Branding Yourself for the Entertainment Business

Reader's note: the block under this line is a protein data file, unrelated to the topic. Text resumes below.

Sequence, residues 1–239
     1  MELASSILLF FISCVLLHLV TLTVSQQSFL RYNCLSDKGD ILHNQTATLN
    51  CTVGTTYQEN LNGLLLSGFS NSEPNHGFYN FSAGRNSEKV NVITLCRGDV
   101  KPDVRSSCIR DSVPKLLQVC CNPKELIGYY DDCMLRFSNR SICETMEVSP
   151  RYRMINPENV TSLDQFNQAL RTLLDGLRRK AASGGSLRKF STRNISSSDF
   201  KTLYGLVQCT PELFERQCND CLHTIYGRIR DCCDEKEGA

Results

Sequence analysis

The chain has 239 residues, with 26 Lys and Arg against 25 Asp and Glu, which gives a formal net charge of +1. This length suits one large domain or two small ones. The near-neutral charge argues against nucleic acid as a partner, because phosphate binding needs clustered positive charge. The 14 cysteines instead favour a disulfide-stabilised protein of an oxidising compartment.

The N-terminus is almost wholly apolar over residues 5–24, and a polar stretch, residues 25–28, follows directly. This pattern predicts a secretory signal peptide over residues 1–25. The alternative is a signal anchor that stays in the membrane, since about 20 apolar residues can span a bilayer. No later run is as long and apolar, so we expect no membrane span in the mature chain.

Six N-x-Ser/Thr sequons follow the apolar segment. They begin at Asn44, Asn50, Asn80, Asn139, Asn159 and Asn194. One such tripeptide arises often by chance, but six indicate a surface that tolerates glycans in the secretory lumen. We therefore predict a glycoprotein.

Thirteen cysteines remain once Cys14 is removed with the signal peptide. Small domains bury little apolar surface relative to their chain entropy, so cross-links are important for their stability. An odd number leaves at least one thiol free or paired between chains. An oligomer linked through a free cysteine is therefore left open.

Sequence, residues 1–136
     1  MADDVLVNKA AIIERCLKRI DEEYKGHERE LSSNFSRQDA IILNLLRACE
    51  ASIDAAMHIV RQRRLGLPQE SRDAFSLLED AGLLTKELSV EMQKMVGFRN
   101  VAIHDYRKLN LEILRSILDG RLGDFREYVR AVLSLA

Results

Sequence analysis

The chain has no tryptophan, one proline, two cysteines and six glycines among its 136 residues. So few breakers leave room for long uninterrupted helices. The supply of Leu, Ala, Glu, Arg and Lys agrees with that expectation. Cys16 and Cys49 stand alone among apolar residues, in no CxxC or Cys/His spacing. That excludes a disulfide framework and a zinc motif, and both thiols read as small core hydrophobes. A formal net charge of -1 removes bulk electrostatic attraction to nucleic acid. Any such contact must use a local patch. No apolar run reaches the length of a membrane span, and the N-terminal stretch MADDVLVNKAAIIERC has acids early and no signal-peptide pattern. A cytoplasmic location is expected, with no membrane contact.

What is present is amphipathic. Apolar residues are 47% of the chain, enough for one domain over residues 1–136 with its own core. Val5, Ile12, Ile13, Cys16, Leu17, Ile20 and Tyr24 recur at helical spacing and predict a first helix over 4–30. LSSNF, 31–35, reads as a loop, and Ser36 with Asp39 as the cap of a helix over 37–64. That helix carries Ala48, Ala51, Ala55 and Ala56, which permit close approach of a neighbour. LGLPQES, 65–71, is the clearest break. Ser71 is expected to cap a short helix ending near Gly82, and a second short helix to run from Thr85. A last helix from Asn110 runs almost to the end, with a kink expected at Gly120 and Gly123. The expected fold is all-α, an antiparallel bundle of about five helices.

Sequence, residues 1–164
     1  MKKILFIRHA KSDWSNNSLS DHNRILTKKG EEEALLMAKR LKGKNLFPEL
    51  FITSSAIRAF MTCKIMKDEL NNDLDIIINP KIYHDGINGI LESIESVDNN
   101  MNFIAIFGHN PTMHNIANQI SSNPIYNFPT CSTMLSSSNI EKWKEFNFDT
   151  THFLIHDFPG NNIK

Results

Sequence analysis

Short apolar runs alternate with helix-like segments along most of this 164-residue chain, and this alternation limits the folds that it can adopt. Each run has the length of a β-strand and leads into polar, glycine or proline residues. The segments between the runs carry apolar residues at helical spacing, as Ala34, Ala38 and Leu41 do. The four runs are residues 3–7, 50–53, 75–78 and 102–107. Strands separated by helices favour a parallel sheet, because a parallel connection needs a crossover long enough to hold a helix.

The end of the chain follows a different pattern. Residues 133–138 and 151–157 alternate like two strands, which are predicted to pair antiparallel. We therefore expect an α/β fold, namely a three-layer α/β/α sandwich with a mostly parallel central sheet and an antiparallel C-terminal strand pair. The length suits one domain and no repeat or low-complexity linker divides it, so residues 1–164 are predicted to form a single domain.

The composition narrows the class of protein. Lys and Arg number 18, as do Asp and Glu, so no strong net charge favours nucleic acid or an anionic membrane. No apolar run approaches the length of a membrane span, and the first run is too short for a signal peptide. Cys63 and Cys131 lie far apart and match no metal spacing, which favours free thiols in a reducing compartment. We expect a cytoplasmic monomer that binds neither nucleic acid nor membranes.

I’ve been having an on-going e-mail conversation with one of our readers who is located overseas and it’s bringing up all kinds of interesting thoughts about the concept of insider versus outsider and why one indie movie is a hit and others are left in the dust. So, this reader is wondering whether to shoot his film project in the UK or come to the U.S. and shoot it. His perception is homegrown talent (that is to say, those from the U.S.) has an advantage over those outside the country. The example he is giving is the Kevin Smith feature, Clerks. (Which I personally thought was garbage and walked out of about 3/4 of the way through- but I digress.) Clerks made $3 million because it caught the attention of (then) Miramax head Harvey Weinstein who was an acquisitions fiend. Harvey found finished and semi-finished movies from all over the world, marketed them brilliantly (and extremely aggressively) and made them hits. It was not about whether a movie was from the U.S. or outside the U.S. It was about whether he saw dollar signs when he saw the movie. In addition to many U.S. indie productions he acquired, he did the same thing with ENCHANTED APRIL, THE CRYING GAME, and IL POSTINO, among many others. Harvey isn’t buying like he used to, though there are countless others on the lookout for marketable projects. But you must meet them halfway and give them something they can sink their teeth into. In my opinion (and I would love to hear from you all if you disagree), developing a “brand” for yourself initially (a certain type of feature or short film, web series, script, type of part you pursue as an actor, etc. that is reflective of you) and at the same time, going for ideas that are the most unique/intriguing (poll your friends and family if you can’t decide) is key to attracting representation or acquisitions executives or other powerful “insiders,” as the case may be. Kevin Smith made something very personal and at the same time very universal and stayed in that vein (for the most part) to this day. My advice to my friend from the UK would be that he should make his projects wherever they will be easiest to make (your resources have been developed where you are right now) and try to get a “brand” going. Do it on the cheap at first and see how it grows. Assignment for everyone with creative aspirations: Think about the filmmakers, actors, pop stars, and others who you connect to and look at how they did it. Find something deeply personal that you feel has resonance. Combine those two elements and work in that direction. And if you feel inclined, share what you come up with. ALSO... disagree with what I’ve said? Have other thoughts related to this topic? Please feel free to comment below this post. And share it with others who might be interested. Branding yourself image from Shutterstock

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